Newspaper article Evening Chronicle (Newcastle, England)

I'm a Neanderthal in a World of Sci-Fi; One Glance at His CV Clearly Shows Michael Shannon Isn't Work-Shy, but He Prefers to Hover under the Radar When It Comes to Fame. He Tells Gemma Dunn Why'everything Is Science-Fiction'and How Our Reliance on Smartphones Disturbs Him

Newspaper article Evening Chronicle (Newcastle, England)

I'm a Neanderthal in a World of Sci-Fi; One Glance at His CV Clearly Shows Michael Shannon Isn't Work-Shy, but He Prefers to Hover under the Radar When It Comes to Fame. He Tells Gemma Dunn Why'everything Is Science-Fiction'and How Our Reliance on Smartphones Disturbs Him

Article excerpt

AY what you like about US actor Michael Shannon, but don't question his dedication.

SHe's on a fleeting visit, having flown into the UK just hours before - to then leave the same afternoon - when we meet. But there's method in his madness, as the Kentucky native explains he's in fact rehearsing for his latest Broadway stint, Long Day's Journey Into Night.

"I'm starring with Jessica Lange. She did the play here in the West End 15 years ago and wanted to do it again, so we're doing it. She's my mum right now."

Shannon is somewhat intense, furrow-browed; the 41-year-old's cinematic reputation precedes him.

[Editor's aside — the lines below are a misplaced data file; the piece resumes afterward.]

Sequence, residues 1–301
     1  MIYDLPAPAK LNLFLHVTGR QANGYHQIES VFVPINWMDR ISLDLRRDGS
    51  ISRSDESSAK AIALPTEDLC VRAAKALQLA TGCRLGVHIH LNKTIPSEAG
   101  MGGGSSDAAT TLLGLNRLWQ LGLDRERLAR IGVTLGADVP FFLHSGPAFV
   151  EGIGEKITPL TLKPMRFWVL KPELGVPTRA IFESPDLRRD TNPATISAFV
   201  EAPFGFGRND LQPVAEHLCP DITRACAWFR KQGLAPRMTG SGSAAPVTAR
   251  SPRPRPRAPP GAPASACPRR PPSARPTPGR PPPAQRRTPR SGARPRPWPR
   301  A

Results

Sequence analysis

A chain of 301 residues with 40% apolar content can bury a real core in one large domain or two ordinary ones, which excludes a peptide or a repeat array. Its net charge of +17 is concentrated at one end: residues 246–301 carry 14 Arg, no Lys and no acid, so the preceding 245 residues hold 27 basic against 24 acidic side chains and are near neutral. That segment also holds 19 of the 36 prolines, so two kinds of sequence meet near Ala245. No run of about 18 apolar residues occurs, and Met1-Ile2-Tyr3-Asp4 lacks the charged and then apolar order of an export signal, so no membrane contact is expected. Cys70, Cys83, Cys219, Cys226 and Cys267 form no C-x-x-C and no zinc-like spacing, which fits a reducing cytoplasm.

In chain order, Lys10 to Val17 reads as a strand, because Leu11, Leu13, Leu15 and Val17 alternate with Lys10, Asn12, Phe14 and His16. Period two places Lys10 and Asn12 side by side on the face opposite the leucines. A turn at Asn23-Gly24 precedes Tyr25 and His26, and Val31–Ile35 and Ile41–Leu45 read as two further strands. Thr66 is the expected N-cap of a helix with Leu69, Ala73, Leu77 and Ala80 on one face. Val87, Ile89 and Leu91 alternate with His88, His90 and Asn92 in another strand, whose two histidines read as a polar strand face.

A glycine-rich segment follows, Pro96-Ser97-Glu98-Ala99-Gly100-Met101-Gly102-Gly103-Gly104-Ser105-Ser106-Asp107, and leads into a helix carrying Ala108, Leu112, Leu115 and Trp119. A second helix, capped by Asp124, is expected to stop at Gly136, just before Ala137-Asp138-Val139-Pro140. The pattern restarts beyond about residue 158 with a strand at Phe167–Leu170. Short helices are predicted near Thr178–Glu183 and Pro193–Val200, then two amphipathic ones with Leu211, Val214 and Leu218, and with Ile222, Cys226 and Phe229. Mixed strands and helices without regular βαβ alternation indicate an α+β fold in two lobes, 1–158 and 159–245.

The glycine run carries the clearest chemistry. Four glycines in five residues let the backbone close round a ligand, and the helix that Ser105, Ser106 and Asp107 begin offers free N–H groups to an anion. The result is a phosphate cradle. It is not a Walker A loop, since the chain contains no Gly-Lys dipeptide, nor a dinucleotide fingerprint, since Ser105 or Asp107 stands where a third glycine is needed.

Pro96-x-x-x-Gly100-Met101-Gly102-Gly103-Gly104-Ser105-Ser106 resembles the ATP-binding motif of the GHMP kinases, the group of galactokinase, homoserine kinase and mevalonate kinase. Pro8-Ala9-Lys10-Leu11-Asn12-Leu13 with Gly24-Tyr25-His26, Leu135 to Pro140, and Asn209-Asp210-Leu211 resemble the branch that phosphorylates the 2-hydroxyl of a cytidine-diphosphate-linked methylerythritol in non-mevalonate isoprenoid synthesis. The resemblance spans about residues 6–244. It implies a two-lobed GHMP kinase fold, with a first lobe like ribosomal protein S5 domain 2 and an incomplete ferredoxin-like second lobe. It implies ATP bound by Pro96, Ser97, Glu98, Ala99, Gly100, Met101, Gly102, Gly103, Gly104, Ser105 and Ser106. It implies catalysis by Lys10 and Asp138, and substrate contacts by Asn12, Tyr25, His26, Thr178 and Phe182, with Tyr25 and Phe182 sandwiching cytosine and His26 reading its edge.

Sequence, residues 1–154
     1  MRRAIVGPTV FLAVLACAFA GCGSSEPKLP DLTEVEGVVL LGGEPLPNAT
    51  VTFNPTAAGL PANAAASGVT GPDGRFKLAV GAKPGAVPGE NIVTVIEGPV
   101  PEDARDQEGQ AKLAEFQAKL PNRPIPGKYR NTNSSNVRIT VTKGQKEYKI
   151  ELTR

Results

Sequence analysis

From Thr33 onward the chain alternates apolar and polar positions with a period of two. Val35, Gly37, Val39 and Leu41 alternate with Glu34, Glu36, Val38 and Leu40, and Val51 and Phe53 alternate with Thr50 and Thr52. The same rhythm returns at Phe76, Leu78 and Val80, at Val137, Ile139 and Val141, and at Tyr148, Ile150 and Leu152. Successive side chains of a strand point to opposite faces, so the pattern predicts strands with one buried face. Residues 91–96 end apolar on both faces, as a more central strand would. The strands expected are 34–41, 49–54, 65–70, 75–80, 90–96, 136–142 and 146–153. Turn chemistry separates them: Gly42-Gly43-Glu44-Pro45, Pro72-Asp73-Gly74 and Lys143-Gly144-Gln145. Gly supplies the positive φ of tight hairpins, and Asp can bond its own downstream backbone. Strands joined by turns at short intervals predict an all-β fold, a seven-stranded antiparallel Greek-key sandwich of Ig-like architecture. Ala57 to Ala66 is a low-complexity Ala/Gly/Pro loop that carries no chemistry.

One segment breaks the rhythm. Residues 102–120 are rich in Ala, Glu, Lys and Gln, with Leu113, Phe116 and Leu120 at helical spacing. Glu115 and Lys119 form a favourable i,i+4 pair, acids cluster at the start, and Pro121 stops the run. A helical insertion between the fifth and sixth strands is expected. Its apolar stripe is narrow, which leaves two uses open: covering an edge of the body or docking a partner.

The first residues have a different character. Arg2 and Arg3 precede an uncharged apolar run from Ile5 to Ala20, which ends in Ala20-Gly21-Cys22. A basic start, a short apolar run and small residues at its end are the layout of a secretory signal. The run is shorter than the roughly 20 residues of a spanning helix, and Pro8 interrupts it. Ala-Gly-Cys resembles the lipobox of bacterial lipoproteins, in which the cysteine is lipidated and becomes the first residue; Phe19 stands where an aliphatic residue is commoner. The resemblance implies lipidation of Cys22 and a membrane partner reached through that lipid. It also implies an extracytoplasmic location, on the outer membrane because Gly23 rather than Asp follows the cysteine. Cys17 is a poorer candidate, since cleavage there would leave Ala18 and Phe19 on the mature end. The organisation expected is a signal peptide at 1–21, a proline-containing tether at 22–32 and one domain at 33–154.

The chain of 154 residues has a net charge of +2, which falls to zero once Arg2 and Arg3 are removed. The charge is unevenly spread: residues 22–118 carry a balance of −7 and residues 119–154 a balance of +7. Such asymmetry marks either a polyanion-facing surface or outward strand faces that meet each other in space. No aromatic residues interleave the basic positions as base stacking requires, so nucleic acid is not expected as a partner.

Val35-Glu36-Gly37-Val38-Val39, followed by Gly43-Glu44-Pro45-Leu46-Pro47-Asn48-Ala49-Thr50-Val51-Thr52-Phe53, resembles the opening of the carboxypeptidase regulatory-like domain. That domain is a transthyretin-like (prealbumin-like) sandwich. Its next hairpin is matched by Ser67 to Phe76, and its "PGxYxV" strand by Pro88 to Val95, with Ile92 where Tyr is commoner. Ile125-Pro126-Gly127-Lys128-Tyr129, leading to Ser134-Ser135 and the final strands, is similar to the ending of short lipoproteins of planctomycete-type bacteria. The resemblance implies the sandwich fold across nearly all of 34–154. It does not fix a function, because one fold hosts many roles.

Since making his big screen debut in 1993's Groundhog Day, the acclaimed talent has gone on to star in over 40 films, including Revolutionary Road opposite Kate Winslet and Leonardo DiCaprio, and Zack Snyder's Man Of Steel. But it's his sanity-tipping, pressure-cooker roles he has become synonymous for - such as Curtis in Jeff Nichols' Take Shelter.

He's quick to shut down those who pigeonhole him, however.

"Isn't the idea that you're different people in each of the movies? Sometimes I hear that I play different parts and sometimes people say, 'So you always play the same part.' ".

"It's confusing, but it's part of our culture: everybody describes everything by comparing it to something else."

From his disarmingly deadpan expression to his drawn-out answers, Shannon - dressed in a casual jeans and denim shirt combo - is hard to read, but equally fascinating.

His latest venture - his fourth film with director and friend Nichols (Shotgun Stories, Mud) - is just as ambiguous.

Midnight Special tells the story of Roy (Shannon), a father who is desperate to protect his uniquely gifted eight-year-old son Alton (Jaeden Lieberher).

As the pair go on the run, aided by friend Lucas (Joel Edgerton), and later the child's mother Sarah (Kirsten Dunst), an intense car chase ensues as they are hunted down by a mysterious cult and a clandestine government agency - the outcome of which could bring about a world-changing event.

"Most people have some mystery in their lives, unanswerable questions," declares Shannon. …

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